German submarine U-277
|Ordered:||10 April 1941|
|Builder:||Bremer Vulkan, Bremen-Vegesack|
|Laid down:||3 March 1942|
|Launched:||7 November 1942|
|Commissioned:||21 December 1942|
|Fate:||Sunk, May 1944 by a British aircraft|
|Class and type:||Type VIIC submarine|
|Height:||9.60 m (31 ft 6 in)|
|Draught:||4.74 m (15 ft 7 in)|
|Complement:||4 officers, 40–56 enlisted|
The submarine was laid down on 3 March 1942 at the Bremer Vulkan yard at Bremen-Vegesack as yard number 42. She was launched on 7 November 1942 and commissioned on 21 December under the command of Oberleutnant zur See Robert Lübsen.
German Type VIIC submarines were preceded by the shorter Type VIIB submarines. U-277 had a displacement of 769 tonnes (757 long tons) when at the surface and 871 tonnes (857 long tons) while submerged. She had a total length of 67.10 m (220 ft 2 in), a pressure hull length of 50.50 m (165 ft 8 in), a beam of 6.20 m (20 ft 4 in), a height of 9.60 m (31 ft 6 in), and a draught of 4.74 m (15 ft 7 in). The submarine was powered by two Germaniawerft F46 four-stroke, six-cylinder supercharged diesel engines producing a total of 2,800 to 3,200 metric horsepower (2,060 to 2,350 kW; 2,760 to 3,160 shp) for use while surfaced, two AEG GU 460/8–27 double-acting electric motors producing a total of 750 metric horsepower (550 kW; 740 shp) for use while submerged. She had two shafts and two 1.23 m (4 ft) propellers. The boat was capable of operating at depths of up to 230 metres (750 ft).
The submarine had a maximum surface speed of 17.7 knots (32.8 km/h; 20.4 mph) and a maximum submerged speed of 7.6 knots (14.1 km/h; 8.7 mph). When submerged, the boat could operate for 80 nautical miles (150 km; 92 mi) at 4 knots (7.4 km/h; 4.6 mph); when surfaced, she could travel 8,500 nautical miles (15,700 km; 9,800 mi) at 10 knots (19 km/h; 12 mph). U-277 was fitted with five 53.3 cm (21 in) torpedo tubes (four fitted at the bow and one at the stern), fourteen torpedoes, one 8.8 cm (3.46 in) SK C/35 naval gun, 220 rounds, and an anti-aircraft gun. The boat had a complement of between forty-four and sixty.
U-274 served with the 8th U-boat Flotilla for training from December 1942 to May 1943 and operationally with the 6th U-boat Flotilla from 1 June. She carried out six patrols, but sank no ships. She was a member of six wolfpacks.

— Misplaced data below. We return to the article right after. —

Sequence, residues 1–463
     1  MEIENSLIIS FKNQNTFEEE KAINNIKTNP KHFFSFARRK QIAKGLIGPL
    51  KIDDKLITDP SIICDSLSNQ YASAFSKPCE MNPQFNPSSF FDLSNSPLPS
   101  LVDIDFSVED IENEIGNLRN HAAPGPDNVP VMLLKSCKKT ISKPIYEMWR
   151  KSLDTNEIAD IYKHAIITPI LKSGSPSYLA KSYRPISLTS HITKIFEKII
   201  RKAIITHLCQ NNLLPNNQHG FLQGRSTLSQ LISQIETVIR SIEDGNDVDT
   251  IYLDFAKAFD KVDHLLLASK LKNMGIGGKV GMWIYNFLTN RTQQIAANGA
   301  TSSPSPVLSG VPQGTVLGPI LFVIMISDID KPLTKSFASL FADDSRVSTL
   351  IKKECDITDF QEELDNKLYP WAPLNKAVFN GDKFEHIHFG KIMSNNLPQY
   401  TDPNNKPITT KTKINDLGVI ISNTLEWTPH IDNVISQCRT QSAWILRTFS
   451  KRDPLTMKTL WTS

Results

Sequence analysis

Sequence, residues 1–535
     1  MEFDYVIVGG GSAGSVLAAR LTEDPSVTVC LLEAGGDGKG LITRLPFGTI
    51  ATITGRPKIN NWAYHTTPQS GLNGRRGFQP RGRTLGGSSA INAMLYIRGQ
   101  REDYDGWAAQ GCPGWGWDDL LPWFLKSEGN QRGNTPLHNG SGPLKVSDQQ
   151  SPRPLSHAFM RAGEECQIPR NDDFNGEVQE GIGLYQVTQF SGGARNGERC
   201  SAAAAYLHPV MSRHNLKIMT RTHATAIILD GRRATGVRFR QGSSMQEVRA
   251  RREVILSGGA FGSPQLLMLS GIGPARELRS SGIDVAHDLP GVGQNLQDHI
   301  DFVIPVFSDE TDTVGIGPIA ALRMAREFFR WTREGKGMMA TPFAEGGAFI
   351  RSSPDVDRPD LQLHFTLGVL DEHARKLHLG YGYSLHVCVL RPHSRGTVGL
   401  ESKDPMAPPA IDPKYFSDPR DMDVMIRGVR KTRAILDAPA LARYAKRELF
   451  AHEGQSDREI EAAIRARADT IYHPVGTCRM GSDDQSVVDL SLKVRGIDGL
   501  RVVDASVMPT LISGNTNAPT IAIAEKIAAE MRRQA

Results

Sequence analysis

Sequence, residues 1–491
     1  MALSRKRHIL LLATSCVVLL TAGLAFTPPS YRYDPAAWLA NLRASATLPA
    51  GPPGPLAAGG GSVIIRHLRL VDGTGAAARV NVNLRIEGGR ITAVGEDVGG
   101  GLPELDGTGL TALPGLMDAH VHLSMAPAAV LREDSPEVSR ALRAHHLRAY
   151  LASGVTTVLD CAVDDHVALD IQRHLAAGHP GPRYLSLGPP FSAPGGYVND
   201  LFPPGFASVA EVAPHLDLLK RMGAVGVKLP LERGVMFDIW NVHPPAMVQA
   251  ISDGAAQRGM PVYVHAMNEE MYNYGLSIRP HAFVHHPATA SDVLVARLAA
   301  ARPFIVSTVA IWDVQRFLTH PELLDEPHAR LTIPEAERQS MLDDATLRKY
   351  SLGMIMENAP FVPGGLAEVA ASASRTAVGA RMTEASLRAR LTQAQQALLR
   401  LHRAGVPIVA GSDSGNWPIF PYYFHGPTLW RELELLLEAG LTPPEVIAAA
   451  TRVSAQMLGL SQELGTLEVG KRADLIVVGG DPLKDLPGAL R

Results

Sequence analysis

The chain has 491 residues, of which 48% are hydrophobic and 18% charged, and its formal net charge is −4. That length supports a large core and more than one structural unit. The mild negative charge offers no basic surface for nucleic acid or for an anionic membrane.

3rd and 4th patrols
The boat's third patrol took her round Bear Island, but was otherwise uneventful.
Her fourth foray was followed by a series of short 'hops' between Hammerfest, Narvik, Trondheim and Bergen. During one of them, she ran aground and had to be towed off the offending rocks. The damage caused forced an immediate return to base.
5th and 6th patrols and loss
Her penultimate, official patrol was between Narvik and Hammerfest.
She left Hammerfest for the last time on 11 April 1944. She was sunk southwest of Bear Island by depth charges dropped from a Fairey Swordfish of No. 842 Squadron, Fleet Air Arm on 1 May. The aircraft had come from the carrier HMS Fencer.
Fifty men died; there were no survivors.
U-277 took part in six wolfpacks, namely.
- Monsun (30 August – 7 October 1943)
- Monsun (17–23 November 1943)
- Eisenbart (23 November – 21 December 1943)
- Blitz (25 March – 4 April 1944)
- Donner (11–20 April 1944)
- Donner & Keil (20 April – 1 May 1944)
- Busch, Rainer; Röll, Hans-Joachim (1999). Deutsche U-Boot-Verluste von September 1939 bis Mai 1945. Der U-Boot-Krieg (in German). IV. Hamburg, Berlin, Bonn: Mittler. ISBN 3-8132-0514-2.
- Gröner, Erich; Jung, Dieter; Maass, Martin (1991). U-boats and Mine Warfare Vessels. German Warships 1815–1945. 2. Translated by Thomas, Keith; Magowan, Rachel. London: Conway Maritime Press. ISBN 0-85177-593-4.
- Kemp, Paul (1999). U-Boats Destroyed - German Submarine Losses in the World Wars. London: Arms & Armour. ISBN 1-85409-515-3.
- Helgason, Guðmundur. "The Type VIIC boat U-277". German U-boats of WWII - uboat.net. Retrieved 26 December 2014.
- Hofmann, Markus. "U 277". Deutsche U-Boote 1935-1945 - u-boot-archiv.de (in German). Retrieved 26 December 2014.